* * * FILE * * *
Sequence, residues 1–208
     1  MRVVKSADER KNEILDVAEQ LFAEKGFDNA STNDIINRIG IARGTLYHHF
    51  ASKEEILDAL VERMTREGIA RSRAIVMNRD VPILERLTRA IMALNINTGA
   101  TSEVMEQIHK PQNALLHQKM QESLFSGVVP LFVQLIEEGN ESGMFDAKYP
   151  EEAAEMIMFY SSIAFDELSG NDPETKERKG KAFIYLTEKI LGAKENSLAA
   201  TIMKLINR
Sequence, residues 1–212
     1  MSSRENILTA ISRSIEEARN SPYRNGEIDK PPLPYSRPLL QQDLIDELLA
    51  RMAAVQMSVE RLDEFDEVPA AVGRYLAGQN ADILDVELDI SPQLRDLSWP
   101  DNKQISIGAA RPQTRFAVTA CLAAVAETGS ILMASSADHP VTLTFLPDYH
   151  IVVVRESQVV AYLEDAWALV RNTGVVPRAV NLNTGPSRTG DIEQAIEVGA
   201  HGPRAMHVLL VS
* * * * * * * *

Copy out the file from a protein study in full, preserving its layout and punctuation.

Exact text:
Sequence, residues 1–208
     1  MRVVKSADER KNEILDVAEQ LFAEKGFDNA STNDIINRIG IARGTLYHHF
    51  ASKEEILDAL VERMTREGIA RSRAIVMNRD VPILERLTRA IMALNINTGA
   101  TSEVMEQIHK PQNALLHQKM QESLFSGVVP LFVQLIEEGN ESGMFDAKYP
   151  EEAAEMIMFY SSIAFDELSG NDPETKERKG KAFIYLTEKI LGAKENSLAA
   201  TIMKLINR
Sequence, residues 1–212
     1  MSSRENILTA ISRSIEEARN SPYRNGEIDK PPLPYSRPLL QQDLIDELLA
    51  RMAAVQMSVE RLDEFDEVPA AVGRYLAGQN ADILDVELDI SPQLRDLSWP
   101  DNKQISIGAA RPQTRFAVTA CLAAVAETGS ILMASSADHP VTLTFLPDYH
   151  IVVVRESQVV AYLEDAWALV RNTGVVPRAV NLNTGPSRTG DIEQAIEVGA
   201  HGPRAMHVLL VS